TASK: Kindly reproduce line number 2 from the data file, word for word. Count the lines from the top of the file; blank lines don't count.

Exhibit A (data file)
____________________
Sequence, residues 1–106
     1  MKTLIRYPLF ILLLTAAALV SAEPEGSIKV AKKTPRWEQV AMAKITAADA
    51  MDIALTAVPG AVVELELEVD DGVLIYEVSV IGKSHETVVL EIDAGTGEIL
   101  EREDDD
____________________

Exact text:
     1  MKTLIRYPLF ILLLTAAALV SAEPEGSIKV AKKTPRWEQV AMAKITAADA